Portal vein embolisation
Portal vein embolisation (PVE) is a technique used to selectively occlude the blood supply to one of the liver lobes, allowing the the other lobe to undergo hyperplasia. This increases the size of the post hepatectomy future liver remnant (FLR), and improves surgical outcomes.
PVE is a procedure performed by interventional radiology.
First published in 1990 by Makuuchi et al. 2
- FLR that would be too small for the patient's body mass, post hepatectomy (typically <20%)
- elevated ICG-R15 serum values 15 minutes after injection
- ICG (indocyanine green) binds to albumin and is excreted by the biliary system
- elevated values imply decreased hepatic reserve
- patients with hepatic steatosis
- patients who underwent hepatotoxic chemotherapy
- cirrhosis, Child-Pugh class A, ICG-R15 <10%, if FLR <40%
- ipsilateral tumour thrombus
- portal hypertension (procedure exacerbates portal hypertension)
Can be performed on an outpatient basis. The FLR (on CT or MRI) should be obtained prior undertaking this procedure.
The right lobe is almost always targeted. The approach is usually through the right lobe, as well.
Different embolic agents have been used, including:
- n-butyl cyanoacrylate (NBCA)
- ethiodized oil
- fibrin glue
- microparticles (such as polyvinyl alcohol, PVA)
- microspheres followed by coils are used by some.
The portal vein can be approached surgically through a transileocolic approach, but interventional radiology usually approaches the portal vein transhepatically. Portal vein pressures are checked pre-procedure, to ensure that there is no portal hypertension.
- minor fluctuations in postprocedure liver function tests (50%)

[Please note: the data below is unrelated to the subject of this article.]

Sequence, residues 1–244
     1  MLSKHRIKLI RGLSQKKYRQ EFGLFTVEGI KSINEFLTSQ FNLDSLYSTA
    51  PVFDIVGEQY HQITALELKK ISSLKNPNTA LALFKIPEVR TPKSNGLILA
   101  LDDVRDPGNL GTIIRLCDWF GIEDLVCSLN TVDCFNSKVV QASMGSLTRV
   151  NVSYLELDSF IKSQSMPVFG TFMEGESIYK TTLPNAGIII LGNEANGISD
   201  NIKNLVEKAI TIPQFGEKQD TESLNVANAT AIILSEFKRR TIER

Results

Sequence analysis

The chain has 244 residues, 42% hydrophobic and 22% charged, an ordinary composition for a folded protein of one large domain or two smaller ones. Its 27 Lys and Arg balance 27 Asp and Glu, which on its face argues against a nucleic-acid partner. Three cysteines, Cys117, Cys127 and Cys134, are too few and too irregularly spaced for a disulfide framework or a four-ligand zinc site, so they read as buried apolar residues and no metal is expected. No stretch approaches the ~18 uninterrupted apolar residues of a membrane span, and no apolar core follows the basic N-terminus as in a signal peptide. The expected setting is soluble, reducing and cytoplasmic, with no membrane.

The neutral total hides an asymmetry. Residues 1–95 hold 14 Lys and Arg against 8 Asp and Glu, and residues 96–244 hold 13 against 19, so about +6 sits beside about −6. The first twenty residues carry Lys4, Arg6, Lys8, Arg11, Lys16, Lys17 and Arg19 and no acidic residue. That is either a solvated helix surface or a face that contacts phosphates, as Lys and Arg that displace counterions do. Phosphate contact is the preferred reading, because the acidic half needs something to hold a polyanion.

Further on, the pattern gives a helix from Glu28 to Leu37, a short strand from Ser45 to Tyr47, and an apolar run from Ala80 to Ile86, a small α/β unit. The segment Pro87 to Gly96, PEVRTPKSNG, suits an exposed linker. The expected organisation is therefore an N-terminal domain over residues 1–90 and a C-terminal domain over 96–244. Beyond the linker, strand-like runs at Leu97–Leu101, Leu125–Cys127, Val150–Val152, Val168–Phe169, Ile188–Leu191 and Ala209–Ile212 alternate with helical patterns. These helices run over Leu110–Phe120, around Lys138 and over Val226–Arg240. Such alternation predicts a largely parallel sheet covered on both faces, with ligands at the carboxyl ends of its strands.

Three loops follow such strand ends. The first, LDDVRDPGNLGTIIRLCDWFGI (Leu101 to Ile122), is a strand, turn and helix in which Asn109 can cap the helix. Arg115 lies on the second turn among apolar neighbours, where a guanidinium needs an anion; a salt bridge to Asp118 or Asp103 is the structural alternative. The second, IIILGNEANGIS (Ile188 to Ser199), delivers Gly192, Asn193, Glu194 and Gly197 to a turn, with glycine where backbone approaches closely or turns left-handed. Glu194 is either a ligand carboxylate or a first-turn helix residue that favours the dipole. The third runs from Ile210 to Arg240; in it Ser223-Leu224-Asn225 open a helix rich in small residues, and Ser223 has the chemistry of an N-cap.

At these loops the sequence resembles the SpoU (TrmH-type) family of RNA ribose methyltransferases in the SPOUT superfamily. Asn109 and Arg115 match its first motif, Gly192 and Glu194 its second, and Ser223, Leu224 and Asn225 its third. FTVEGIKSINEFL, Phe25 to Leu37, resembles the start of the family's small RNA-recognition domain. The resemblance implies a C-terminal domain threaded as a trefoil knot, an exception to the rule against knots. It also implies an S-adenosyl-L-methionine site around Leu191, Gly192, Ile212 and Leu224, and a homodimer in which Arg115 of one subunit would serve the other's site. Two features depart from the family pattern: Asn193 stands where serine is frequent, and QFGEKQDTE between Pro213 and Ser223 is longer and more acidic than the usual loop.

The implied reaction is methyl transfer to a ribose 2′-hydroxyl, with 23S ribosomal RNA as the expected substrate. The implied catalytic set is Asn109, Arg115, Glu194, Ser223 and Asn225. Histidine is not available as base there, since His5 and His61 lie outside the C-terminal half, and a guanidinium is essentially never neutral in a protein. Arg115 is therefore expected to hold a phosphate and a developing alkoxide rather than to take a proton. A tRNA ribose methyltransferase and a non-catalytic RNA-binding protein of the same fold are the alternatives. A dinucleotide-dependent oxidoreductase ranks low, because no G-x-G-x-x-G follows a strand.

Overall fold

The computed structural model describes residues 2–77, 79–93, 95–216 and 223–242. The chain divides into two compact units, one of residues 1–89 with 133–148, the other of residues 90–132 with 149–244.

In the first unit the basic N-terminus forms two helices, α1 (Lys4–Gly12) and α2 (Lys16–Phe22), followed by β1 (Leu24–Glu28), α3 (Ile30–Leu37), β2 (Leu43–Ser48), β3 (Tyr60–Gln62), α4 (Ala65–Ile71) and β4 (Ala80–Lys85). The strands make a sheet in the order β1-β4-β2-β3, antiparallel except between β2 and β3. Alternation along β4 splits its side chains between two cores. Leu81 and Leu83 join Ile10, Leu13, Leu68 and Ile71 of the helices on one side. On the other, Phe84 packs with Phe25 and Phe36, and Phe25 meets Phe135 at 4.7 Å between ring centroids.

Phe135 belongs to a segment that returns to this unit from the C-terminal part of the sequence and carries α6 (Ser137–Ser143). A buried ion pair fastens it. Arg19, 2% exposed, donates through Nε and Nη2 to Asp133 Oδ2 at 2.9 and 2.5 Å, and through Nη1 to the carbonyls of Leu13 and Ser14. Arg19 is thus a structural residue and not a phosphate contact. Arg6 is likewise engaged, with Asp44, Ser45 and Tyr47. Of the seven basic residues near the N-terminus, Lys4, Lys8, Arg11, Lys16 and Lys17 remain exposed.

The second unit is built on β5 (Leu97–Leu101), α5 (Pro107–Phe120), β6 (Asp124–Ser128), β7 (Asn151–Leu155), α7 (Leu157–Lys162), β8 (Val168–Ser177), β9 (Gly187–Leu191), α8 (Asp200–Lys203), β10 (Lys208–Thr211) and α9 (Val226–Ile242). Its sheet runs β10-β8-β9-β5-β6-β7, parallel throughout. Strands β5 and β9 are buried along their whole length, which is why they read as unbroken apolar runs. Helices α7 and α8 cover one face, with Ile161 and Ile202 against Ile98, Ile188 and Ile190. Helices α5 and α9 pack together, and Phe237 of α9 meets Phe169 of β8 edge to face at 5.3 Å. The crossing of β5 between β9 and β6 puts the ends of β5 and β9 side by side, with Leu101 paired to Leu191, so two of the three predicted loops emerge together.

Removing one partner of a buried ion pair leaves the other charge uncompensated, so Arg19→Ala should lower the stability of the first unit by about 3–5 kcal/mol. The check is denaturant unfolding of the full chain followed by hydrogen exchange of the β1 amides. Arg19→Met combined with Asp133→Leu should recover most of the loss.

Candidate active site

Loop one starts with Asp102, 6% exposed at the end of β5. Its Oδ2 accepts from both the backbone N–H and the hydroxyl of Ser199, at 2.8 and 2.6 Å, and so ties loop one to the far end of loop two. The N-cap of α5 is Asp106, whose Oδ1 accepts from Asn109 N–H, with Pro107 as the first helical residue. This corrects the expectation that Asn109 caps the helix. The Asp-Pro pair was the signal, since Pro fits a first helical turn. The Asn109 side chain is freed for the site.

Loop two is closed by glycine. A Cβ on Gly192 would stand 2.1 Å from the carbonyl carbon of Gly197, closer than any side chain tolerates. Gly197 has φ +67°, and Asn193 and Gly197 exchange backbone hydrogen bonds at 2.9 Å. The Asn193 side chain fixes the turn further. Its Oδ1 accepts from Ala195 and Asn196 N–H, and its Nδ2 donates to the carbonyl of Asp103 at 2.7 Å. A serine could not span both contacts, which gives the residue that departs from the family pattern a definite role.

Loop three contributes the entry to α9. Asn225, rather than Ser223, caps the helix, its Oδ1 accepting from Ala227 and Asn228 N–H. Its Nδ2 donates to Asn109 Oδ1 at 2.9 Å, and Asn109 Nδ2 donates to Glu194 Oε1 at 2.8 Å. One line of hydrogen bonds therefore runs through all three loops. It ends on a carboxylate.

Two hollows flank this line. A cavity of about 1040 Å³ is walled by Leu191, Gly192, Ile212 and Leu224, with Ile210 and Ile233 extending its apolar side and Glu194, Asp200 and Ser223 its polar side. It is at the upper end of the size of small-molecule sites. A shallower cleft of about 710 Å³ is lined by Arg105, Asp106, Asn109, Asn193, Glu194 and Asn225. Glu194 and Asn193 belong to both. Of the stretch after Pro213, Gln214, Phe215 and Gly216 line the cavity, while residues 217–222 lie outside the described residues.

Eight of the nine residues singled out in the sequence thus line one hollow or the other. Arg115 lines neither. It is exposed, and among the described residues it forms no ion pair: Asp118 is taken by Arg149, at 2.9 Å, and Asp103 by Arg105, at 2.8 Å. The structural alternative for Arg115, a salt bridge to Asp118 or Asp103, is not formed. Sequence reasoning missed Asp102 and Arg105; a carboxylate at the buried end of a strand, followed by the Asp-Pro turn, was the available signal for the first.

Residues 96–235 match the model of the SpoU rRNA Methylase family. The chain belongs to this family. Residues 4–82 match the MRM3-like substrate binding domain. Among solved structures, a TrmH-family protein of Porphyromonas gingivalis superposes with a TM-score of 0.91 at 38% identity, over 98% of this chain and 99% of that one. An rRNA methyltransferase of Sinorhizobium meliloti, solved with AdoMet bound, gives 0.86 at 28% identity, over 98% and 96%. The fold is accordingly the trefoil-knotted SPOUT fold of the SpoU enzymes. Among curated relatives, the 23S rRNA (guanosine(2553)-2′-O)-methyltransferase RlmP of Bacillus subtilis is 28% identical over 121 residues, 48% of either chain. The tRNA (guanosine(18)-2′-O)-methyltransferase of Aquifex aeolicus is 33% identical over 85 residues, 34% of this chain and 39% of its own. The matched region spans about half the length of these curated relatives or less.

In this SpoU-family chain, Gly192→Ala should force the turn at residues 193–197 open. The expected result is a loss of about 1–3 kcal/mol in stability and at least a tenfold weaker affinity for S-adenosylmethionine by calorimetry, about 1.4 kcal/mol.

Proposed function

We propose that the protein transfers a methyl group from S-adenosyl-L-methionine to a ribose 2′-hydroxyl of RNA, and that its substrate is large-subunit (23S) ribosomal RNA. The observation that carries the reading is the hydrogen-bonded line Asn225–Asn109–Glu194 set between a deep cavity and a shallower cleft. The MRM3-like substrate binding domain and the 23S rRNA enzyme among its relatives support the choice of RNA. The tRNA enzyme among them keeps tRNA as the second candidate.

- liver synthetic functions usually not affected
- nausea, fever, and pain are rare
- reported 0% procedure-related mortality 3
- reported overall morbidity of 2.2% 3
- nontarget embolization
- complete portal vein thrombus
- risks similar to other transhepatic procedures
Patients with otherwise normal livers regenerate two weeks postprocedure at 12-21 cm3 / day (9 cm3 / day for cirrhotic patients) 5. 2-4 weeks is usually enough for most patients with normal liver function (>4 weeks for patients with cirrhosis).
- 1. May BJ, Madoff DC. Portal vein embolization: rationale, technique, and current application. Semin Intervent Radiol. 2012;29 (02): 81-9. doi:10.1055/s-0032-1312568 - Free text at pubmed - Pubmed citation
- 2. Makuuchi M, Thai BL, Takayasu K et-al. Preoperative portal embolization to increase safety of major hepatectomy for hilar bile duct carcinoma: a preliminary report. Surgery. 1990;107 (5): 521-7. Pubmed citation
- 3. Abulkhir A, Limongelli P, Healey AJ et-al. Preoperative portal vein embolization for major liver resection: a meta-analysis. Ann. Surg. 2008;247 (1): 49-57. doi:10.1097/SLA.0b013e31815f6e5b - Pubmed citation
- 4. Denys A, Bize P, Demartines N et-al. Quality improvement for portal vein embolization. Cardiovasc Intervent Radiol. 2010;33 (3): 452-6. doi:10.1007/s00270-009-9737-x - Free text at pubmed - Pubmed citation
- 5. Madoff DC, Hicks ME, Vauthey JN et-al. Transhepatic portal vein embolization: anatomy, indications, and technical considerations. Radiographics. 2002;22 (5): 1063-76. doi:10.1148/radiographics.22.5.g02se161063 - Pubmed citation